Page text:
A regular on MTV’s Girl Code, Silicon Valley, and featured in the recent film Mike and Dave Need Wedding Dates, she naturally starts with a joke when I ask her about the impetus for her newfound sobriety.

“I just wanted to look good and feel great,” Wetterlund says on the phone as she’s stuck in L.A. traffic. “No. I have a unique experience because I got a lot of success and notoriety and my thing was I wanted to get sober to keep those things. I could feel my relationship to alcohol getting away from me and not being workable anymore.”

Wetterlund moved to Los Angeles in 2012 after four years of doing standup and improv in New York. Once she was perpetually on the road, she realized she couldn’t take the constant hangovers. She tried to cut back, but when it wasn’t working, she started going to meetings.

“I didn’t drink onstage that much – generally if I did a longer set I’d have one drink,” Wetterlund says. “But also when I stopped I couldn’t believe how much I missed that one drink. If I could just drink for standup only, I would. Even saying this now.”

Wetterlund’s reasons for staying lucid during her sets are similar to those of Gethard’s: She wanted to do a good job in a high-pressure situation. She also likes studying the technicality of other comics, so staying relatively sober over the course of a night helps her figure out what works and what doesn’t. Still, Wetterlund has to grapple with the notion that in addition to feeling uncomfortable in her young sobriety, her body language can betray her onstage.

“It’s hard to do that when you’re grappling with early sobriety. I was terrified and very uncomfortable in my own skin,” Wetterlund says. “One of things with doing standup is you need to feel as uninhibited as possible. The audience needs to feel you’re confident and you’re not worried for 55 minutes with no safety net.”

She achieves this by diving deep into her personal life, and she says that she’ll break any tension by letting the audience know that she doesn’t drink. Surprisingly – though perhaps less so, as comics like Wetterlund, Gethard, and many more are candid about their recovery – a drunk audience can be very receptive to a comedian telling sobriety stories onstage.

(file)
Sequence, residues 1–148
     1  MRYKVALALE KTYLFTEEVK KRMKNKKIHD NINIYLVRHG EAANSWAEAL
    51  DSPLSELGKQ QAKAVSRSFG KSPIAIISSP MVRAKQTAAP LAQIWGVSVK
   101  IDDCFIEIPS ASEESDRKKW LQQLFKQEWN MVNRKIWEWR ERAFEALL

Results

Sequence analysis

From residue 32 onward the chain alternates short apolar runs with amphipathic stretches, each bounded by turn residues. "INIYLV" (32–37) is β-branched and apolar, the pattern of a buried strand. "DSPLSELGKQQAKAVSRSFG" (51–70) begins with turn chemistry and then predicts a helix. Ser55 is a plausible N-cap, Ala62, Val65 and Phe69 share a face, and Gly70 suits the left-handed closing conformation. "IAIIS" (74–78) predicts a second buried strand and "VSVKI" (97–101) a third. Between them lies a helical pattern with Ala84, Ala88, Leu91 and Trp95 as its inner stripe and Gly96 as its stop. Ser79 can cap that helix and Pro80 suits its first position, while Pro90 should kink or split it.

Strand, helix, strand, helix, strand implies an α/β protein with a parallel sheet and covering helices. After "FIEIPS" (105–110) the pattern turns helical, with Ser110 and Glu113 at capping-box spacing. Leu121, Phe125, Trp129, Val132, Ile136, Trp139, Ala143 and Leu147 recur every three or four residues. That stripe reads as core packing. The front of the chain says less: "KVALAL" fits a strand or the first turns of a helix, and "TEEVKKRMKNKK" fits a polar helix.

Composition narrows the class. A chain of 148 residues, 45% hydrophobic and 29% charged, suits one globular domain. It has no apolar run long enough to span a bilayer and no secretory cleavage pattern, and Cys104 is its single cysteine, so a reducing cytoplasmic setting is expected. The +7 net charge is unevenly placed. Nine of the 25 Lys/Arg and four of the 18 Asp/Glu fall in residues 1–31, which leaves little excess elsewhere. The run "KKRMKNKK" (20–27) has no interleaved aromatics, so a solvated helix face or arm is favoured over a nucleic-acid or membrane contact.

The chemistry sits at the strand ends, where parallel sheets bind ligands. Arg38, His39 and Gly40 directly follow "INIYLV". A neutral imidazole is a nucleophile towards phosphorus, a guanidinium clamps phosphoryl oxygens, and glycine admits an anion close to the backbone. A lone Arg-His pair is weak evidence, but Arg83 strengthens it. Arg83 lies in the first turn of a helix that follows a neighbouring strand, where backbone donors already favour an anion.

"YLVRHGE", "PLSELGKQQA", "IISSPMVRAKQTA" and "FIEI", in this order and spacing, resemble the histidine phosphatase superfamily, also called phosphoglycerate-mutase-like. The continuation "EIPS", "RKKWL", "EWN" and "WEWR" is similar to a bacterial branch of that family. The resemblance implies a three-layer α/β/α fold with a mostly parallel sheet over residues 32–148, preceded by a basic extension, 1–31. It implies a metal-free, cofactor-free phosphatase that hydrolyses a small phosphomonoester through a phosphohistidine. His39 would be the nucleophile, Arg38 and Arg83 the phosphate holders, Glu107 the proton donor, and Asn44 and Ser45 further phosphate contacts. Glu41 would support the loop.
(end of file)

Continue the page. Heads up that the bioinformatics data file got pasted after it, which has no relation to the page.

“I don’t preach about it because that’s not funny. I talk about how shitty it is to be sober,” Wetterlund says. “Plus my jokes are really good.”

While sobriety has become somewhat normalized for comedians – comedy personalities from Maron to Jane Lynch and many in-between have detailed battles with addiction in mainstream mediums – the notion of the lovable, sloshed performer has (apologies to Doug Benson, but weed is different) come under scrutiny in recent years. Last April, Dave Chappelle came under fire after the second of two Detroit shows in one night went off the rails, causing some audience members to ask for refunds because he was seemingly drunk. The TMZ story focused on the fact that he was “rambling” and “slurring,” which, if they were barriers of entry for performing comedy in the middle part of the last century, would have kept the likes of everyone from Johnny Carson to Jackie Gleason in valet jackets instead of under bright lights.

That’s part of the reason why Bay Area native Kristee Ono went cold turkey after a solo cocaine bender more than three years ago. She was developing a bit of a reputation as, in her words, a “wild card.”

“I’ve been coked out too much, completely insane, to the point where I shouldn’t have been performing. There have been smaller bar shows where I was pulled as a host because I was too drunk,” Ono says. “It was really embarrassing. They would sometimes put me on earlier in a show because it was a risk if I went on too late.”